In order to effectively support and protect Canadian music creators, and look after their economic interests, SOCAN advocates for our members by lobbying the Canadian government and main federal political parties.

It’s important for the federal government to understand that Canada’s creative economy is one of the most vibrant in the world. This means a rich culture, both historically and currently, including some of the most popular music creators in the world today – like The Weeknd, Drake, Arcade Fire, Shawn Mendes, Michael Bublé, Coeur de Pirate, Luc Plamondon, Les Cowboys Fringants and many more. It also means contributions to Canada’s gross domestic product, export revenues and job creation.

SOCAN is a business that is politically agnostic. Our 130,000-plus Canadian members have a very diverse range of political views, but we work with any and all major political entities that can improve the lives and the livelihoods of our members. We’ve had, and will continue to have, conversations with the main federal parties, whether they’re in power or not.

We thank all the people we’ve met during the last Parliamentary term for their attention to our issues. And we’ve been encouraged by our contacts with key Liberal decision makers before the recent federal campaign began, including what we sense as a strong personal commitment for the cultural industries – especially music – by now-Prime Minister Justin Trudeau. We all remember his surprise visit at the SOCAN networking party on Parliament Hill last May.

Among the many issues of interest to SOCAN are the following:

Swift action on extending the term of copyright protection for songwriters, composers and music publishers from 50 to 70 years after the death of the last surviving songwriter or composer. The previous government did create this extension for sound recordings, but did not do the same for songwriters and composers. Following SOCAN’s outreach, both the Liberals and NDP weighed in on the record during Parliamentary question period supporting this initiative. Such an action would bring Canada in line with modern international norms, supporting productivity and our trade agenda.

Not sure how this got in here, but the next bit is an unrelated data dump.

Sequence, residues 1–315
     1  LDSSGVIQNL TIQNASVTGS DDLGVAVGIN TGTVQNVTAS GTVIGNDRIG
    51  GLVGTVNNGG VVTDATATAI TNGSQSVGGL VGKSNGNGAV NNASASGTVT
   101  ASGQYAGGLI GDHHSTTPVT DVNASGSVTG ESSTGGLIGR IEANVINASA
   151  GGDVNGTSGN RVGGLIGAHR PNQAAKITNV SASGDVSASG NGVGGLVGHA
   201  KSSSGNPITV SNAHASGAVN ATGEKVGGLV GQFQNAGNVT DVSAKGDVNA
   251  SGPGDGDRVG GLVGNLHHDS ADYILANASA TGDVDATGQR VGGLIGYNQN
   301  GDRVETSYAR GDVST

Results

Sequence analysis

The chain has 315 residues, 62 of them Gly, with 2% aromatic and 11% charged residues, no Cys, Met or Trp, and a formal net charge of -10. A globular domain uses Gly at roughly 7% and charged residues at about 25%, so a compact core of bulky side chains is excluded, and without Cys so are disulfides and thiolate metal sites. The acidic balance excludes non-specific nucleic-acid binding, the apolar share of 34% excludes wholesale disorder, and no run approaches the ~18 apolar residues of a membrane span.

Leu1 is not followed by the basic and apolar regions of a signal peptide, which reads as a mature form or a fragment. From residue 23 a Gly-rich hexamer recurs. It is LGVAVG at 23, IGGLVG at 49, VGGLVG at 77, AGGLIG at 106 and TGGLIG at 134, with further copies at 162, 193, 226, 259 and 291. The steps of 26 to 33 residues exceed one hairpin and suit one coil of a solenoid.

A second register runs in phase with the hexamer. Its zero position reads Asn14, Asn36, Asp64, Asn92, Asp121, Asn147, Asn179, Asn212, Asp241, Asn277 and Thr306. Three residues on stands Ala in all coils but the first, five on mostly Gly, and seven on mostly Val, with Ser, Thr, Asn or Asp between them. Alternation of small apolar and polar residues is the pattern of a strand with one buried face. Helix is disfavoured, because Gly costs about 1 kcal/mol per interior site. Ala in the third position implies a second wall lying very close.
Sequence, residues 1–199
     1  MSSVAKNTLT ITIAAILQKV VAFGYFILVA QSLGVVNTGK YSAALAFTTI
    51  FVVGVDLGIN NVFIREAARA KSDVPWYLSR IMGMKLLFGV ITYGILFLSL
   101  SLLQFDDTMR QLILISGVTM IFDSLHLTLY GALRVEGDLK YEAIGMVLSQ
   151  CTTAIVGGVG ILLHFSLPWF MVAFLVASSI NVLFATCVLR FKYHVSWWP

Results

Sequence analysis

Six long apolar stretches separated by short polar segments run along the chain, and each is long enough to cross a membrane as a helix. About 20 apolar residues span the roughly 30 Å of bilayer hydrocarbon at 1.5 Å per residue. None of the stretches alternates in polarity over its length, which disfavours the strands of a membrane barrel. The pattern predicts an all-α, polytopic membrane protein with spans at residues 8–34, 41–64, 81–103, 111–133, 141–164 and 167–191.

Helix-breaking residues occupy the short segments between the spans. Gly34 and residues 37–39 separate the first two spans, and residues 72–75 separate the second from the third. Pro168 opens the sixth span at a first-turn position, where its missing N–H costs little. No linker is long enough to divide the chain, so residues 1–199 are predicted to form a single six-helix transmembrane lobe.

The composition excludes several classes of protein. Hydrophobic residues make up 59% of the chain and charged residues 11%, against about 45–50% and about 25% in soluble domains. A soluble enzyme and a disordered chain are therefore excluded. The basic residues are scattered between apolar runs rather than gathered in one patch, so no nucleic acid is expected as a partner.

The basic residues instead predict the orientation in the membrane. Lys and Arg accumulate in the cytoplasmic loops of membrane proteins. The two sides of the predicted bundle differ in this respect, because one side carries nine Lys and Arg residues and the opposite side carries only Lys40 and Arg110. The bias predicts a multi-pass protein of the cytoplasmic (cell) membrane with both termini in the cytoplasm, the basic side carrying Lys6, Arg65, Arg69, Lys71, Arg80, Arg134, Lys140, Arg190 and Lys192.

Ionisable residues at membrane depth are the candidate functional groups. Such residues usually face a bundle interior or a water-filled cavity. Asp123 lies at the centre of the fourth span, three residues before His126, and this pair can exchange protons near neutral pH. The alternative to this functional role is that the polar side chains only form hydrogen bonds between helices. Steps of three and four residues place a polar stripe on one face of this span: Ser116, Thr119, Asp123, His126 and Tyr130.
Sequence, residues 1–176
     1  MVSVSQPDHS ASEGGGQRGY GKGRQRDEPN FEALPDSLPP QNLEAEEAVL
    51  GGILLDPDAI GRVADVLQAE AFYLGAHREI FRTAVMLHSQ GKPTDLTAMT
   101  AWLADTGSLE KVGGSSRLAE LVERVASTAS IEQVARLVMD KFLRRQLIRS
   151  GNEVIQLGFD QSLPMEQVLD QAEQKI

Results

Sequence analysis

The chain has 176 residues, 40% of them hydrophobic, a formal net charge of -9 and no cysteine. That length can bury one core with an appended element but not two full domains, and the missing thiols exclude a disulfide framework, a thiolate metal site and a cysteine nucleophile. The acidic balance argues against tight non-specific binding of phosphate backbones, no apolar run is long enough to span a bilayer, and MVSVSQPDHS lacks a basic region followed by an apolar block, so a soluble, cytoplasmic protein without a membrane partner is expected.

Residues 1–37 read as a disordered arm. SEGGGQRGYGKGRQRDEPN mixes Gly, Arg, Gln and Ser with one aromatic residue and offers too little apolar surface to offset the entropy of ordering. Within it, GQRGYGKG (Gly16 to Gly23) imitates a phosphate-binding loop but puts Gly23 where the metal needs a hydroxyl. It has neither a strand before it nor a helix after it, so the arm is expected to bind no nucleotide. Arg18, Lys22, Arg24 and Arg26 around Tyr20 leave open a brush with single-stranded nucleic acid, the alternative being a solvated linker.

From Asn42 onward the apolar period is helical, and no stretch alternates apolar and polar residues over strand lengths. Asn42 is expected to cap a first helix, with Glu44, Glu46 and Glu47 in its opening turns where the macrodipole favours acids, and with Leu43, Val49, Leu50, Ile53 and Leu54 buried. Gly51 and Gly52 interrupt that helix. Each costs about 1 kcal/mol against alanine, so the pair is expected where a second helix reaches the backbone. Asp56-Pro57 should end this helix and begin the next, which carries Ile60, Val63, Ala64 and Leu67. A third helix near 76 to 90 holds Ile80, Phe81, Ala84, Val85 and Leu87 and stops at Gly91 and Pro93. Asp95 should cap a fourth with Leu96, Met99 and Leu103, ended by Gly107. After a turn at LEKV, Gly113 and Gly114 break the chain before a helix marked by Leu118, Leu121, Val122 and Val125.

Improvement in the way the Copyright Board of Canada works. The government could greatly improve our members’ economic well-being by granting the Copyright Board the resources it requires in order to render decisions on a more timely basis. A recent study showed that the average time it took the Board to certify a tariff was 3.55 years; when hearings are required, the average timeline jumps to 4.42 years. It seems all parties agree on this, and we hope the current government will be the one to make it happen.

Clarification of the numerous and broad exceptions and limitations to copyright in the Canadian legislation, of which there are far too many, especially for a country with such a vibrant cultural and entertainment ecosystem.

Boosting the export potential of our talented music creators and artists. We hope that under Stéphane Dion, the foreign ministry will see the potential of new public/private partnerships in this respect, and SOCAN is more than ready to do its part.

Redefine the private copying regime (started by a Liberal government in the late ‘90s) to catch up with most advanced countries in the world, so that the amazing value being created for some companies (like digital services and digital device manufacturers) out of music can be shared with the very creators that are the originators of that music, and who make that value creation possible.

On all of these issues, the government needs to move quickly. This is the 21st Century; time – and technological change – flow much more quickly than before, so our music creator and publisher members can’t wait until 2017 for a “business as usual” review of the key legislation. Canada is a hot-bed of creative and digital industries, but with the slow pace of political activity, they’re fighting with at least one hand tied behind their backs. And given that these delays in passing legislation span tax years, a sudden one-off payment can also have significant tax implications for our members. If a royalty decision is lower than estimated, SOCAN must reclaim the excess from our members. As such, these delays creates significant economic uncertainty for our members.

We need these issues to be fixed in order to best harness all of our energies and claim our rightful place in the world of music policy: that of a leader.


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First of all, I’d like to welcome you to the new redesign of the SOCAN online Words & Music magazine. It’s fitting that this President’s Message is about change and the digital shift in our industry. It’s a theme I’ve written about before, but it continues to swirl around us, so please read on…

Every day, you see something new about how the digital world has affected the music business. These articles range from doom and gloom to the rosy future of the new world. Sure, everything is changing, but of course, change is nothing new. The way people have been consuming (or enjoying) music has been constantly evolving, from piano rolls to radio, 78s, 45s and 33 rpm records, cassettes, CDs, digital downloads and now streaming. The only thing really changing is the accelerating pace of change.